It then argues that according to Art. 5 (1) Service Regulation it had been upon the plaintiff to decide whether the statement of claim would be translated prior to service. So, if the plaintiff here chose the statement of claim to be translated, it would have been upon him to provide a translation along with the statement of claim. Had he done so, the statement would probably have been served within six weeks, thus not later than February 2016. Under these circumstances, the service in December 2016 could not be seen as “demnächst”.


1. The Court of Appeals is absolutely right in stating the obvious (but widely quite unknown), that  a) documents do not have to be translated under the Service Regulation, and  b) the translation can be provided by the plaintiff as there is no certain form required (just as under the Hague Service Convention).

The defendant is sufficiently protected by his right to refuse acceptance of service (Art. 8 Service Regulation) – and by Art. 45 (1) lit. (b) of the Brussels I bis Regulation, if the quality of the translation is insufficient.

2. Thus the plaintiff could (and maybe should) have chosen the statement of claims to be served without translation in the first place, which would have been faster and probably cheaper. Had the defendant then refused to accept the service, he could still have provided a translation (or asked the court to provide a translation) and this service would still have suspended the period of limitations (see Art. 8 (3) Service Regulation). Alternatively, he could have proven that the defendant does in fact understand the language of the document and therefore the refusal of acceptance was without justification. That would make the statement of claim deemed to be served under German Law (see Sec. 179 Code of Civil Procedure).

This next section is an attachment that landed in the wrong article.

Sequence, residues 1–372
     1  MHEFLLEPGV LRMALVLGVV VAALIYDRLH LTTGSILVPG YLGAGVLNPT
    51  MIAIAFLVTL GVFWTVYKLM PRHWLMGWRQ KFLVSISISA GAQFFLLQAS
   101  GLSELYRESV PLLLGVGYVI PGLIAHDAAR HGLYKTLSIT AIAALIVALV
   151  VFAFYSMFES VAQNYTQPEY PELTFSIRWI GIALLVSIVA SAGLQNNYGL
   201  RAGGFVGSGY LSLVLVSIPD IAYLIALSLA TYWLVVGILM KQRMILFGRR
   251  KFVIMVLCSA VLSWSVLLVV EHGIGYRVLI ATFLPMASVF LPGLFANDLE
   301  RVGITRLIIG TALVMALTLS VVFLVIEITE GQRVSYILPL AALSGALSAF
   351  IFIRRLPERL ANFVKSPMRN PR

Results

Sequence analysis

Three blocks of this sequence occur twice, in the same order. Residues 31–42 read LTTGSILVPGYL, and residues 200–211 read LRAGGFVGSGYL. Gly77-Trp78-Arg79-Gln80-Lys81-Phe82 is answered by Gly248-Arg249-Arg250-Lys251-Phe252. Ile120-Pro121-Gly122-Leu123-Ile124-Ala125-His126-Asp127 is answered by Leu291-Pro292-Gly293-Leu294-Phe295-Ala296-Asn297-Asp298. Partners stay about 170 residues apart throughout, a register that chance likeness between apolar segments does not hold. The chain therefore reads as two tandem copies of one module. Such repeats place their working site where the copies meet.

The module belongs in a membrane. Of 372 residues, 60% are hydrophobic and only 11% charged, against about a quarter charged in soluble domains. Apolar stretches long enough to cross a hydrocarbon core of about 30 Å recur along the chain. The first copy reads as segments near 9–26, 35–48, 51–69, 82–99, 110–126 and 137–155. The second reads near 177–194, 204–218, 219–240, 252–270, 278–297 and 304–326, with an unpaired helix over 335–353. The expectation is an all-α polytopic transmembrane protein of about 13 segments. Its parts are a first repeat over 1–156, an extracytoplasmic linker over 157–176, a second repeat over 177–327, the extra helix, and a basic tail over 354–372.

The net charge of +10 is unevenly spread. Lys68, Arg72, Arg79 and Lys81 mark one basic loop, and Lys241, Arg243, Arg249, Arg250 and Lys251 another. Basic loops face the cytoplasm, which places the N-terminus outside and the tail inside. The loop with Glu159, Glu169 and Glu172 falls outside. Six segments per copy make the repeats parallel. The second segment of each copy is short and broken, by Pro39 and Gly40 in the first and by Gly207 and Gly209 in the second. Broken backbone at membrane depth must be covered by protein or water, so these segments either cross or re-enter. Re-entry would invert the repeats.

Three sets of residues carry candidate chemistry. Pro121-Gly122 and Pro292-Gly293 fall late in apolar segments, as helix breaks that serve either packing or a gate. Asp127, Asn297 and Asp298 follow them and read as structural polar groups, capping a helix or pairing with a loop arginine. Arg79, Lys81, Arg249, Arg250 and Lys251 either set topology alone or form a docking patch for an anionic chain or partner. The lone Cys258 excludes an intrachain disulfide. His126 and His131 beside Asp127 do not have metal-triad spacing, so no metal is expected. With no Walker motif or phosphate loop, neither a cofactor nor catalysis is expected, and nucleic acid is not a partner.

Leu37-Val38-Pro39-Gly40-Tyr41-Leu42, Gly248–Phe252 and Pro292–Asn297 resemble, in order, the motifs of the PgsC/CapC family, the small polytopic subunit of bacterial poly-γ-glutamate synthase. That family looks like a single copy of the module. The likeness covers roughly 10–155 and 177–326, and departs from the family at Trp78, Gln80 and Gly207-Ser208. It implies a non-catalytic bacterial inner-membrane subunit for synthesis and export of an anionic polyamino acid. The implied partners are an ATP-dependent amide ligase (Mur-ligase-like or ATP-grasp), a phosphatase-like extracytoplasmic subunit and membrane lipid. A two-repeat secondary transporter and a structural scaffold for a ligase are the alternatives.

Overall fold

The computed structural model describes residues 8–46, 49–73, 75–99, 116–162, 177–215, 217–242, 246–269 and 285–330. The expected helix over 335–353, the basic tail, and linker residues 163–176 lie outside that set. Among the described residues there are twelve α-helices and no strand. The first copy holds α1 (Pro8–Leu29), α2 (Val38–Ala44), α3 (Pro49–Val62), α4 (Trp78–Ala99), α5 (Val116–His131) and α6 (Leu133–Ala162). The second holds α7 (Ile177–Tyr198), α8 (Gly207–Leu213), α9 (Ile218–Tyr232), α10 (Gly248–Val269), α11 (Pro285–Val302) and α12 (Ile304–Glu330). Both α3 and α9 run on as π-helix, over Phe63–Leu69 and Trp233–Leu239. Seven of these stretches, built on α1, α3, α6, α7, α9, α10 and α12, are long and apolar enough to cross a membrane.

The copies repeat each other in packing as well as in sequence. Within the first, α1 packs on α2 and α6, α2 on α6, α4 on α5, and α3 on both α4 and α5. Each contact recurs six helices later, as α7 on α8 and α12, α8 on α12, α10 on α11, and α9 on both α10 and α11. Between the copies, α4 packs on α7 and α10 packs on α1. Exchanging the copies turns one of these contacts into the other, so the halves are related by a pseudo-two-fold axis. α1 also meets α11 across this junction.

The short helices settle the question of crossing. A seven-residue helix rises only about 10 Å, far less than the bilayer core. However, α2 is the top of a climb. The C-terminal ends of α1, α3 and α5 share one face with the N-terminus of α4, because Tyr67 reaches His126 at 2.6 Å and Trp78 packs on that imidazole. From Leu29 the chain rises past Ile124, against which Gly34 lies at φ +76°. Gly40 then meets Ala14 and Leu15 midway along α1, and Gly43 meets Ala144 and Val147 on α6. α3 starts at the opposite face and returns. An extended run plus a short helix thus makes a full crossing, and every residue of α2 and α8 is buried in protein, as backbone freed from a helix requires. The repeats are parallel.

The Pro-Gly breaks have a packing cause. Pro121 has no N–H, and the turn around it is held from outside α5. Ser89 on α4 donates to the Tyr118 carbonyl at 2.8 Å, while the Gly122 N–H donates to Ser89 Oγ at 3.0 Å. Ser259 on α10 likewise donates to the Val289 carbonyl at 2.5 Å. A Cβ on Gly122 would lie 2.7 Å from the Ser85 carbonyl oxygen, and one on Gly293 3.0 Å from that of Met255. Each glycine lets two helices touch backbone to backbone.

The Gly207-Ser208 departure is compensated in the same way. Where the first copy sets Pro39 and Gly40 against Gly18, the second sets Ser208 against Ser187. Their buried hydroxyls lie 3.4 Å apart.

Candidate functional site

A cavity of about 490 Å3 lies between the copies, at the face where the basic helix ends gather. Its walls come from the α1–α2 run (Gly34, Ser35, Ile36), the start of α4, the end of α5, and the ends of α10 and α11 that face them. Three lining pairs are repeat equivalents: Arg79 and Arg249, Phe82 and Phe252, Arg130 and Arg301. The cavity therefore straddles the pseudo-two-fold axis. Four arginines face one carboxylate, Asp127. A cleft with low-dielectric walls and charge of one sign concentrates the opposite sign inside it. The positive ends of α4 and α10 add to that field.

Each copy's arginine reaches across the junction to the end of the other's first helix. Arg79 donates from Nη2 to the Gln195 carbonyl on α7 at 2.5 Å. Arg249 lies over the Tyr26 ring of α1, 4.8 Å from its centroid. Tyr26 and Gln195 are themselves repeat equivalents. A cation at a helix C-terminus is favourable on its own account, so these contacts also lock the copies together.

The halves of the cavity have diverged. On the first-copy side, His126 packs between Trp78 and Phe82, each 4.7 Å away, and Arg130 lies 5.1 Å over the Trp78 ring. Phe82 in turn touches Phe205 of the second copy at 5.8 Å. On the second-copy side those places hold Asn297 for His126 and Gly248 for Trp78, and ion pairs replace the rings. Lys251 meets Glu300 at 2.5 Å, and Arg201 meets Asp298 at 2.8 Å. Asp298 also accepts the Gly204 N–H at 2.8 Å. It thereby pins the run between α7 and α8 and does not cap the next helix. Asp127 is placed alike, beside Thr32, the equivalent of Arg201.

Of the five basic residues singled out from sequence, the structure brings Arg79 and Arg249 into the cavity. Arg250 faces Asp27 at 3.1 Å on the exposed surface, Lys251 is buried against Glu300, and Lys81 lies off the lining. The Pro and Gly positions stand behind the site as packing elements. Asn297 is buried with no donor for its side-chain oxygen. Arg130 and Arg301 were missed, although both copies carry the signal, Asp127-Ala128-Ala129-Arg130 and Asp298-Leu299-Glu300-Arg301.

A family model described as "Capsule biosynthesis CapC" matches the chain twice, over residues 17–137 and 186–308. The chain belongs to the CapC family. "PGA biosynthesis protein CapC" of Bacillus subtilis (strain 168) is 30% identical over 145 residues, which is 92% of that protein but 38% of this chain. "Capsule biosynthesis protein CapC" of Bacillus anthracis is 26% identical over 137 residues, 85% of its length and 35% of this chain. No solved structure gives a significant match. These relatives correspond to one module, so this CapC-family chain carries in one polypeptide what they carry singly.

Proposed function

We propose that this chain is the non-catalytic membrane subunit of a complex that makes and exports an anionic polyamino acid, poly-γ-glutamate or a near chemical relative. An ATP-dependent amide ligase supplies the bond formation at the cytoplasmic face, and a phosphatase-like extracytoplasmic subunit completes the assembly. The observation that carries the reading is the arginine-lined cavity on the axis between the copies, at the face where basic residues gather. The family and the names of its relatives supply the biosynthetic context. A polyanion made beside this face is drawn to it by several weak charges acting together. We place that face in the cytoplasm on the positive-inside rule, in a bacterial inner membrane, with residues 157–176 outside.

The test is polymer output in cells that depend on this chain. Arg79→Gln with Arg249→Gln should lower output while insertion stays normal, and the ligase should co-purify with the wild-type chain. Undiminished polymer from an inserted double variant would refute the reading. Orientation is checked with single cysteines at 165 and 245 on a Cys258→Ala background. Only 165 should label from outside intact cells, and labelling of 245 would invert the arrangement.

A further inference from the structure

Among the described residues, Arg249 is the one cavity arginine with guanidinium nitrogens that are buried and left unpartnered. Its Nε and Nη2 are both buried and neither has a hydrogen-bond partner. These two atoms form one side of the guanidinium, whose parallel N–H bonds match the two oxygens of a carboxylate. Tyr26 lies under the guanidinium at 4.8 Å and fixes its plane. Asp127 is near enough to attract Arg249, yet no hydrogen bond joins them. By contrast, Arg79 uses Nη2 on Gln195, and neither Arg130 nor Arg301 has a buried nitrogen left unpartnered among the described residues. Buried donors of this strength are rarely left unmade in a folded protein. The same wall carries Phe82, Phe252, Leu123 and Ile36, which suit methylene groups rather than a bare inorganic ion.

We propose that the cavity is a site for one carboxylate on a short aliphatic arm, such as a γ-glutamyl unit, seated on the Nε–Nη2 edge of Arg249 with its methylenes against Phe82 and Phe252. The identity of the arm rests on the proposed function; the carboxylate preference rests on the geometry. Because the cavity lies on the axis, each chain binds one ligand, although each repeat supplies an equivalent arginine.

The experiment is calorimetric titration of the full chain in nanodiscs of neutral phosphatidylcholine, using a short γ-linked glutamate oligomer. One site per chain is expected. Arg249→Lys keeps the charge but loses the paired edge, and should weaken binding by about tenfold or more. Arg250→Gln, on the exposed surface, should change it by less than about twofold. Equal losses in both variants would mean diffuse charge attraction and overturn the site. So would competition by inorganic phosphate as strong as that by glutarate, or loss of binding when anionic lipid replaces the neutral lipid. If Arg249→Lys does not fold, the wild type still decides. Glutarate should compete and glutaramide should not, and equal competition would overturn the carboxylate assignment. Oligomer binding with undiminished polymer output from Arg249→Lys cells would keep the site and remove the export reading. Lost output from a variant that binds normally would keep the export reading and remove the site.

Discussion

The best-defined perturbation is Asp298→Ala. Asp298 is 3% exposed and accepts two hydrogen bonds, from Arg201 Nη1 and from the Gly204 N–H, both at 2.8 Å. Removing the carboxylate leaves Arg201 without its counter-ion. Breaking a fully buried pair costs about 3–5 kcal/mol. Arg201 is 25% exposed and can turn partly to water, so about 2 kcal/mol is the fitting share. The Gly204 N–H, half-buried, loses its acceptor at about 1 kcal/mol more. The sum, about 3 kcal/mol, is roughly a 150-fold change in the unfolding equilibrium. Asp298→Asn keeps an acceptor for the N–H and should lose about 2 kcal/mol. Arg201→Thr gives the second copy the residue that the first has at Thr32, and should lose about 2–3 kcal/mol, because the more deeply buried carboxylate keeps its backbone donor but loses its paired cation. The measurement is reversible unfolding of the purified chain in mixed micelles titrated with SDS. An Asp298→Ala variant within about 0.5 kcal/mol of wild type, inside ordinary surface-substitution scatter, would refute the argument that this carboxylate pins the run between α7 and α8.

3. However I’m not convinced, that under German Law a plaintiff is obliged to provide a translation himself for purposes of cross-border-service, even more so without an explicit request by the court (cf. Sec. 139 Code of Civil Procedure). Such an obligation is neither provided for in the ZRHO (“Rechtshilfeordnung für Zivilsachen”, the German administrative regulation governing inter alia cross-border-service), nor can such an obligation be found in the Service Regulation, especially in light of the wording in Art. 5 (2).

4. Plaintiffs’ counsel will now often find themselves “lost in translation”: On the one hand the Frankfurt Court of Appeals‘ judgment requires the parties to provide translations themselves. On the other hand, the parties‘ right to provide translations themselves may be unkonwn to some courts and therefore require some discussions. A little help in these discussions may be an article by Dr. Philine Fabig (and myself) in the Neue Juristische Wochenschrift (NJW 2017, 2502 et seq.).


The only good news is that the plaintiff appealed the judgement; the case is now pending before the Federal Court of Justice (Bundesgerichtshof) under Docket-No. IX ZR 156/19. So maybe the Bundesgerichtshof will find some final and fog-lifting words on the subject.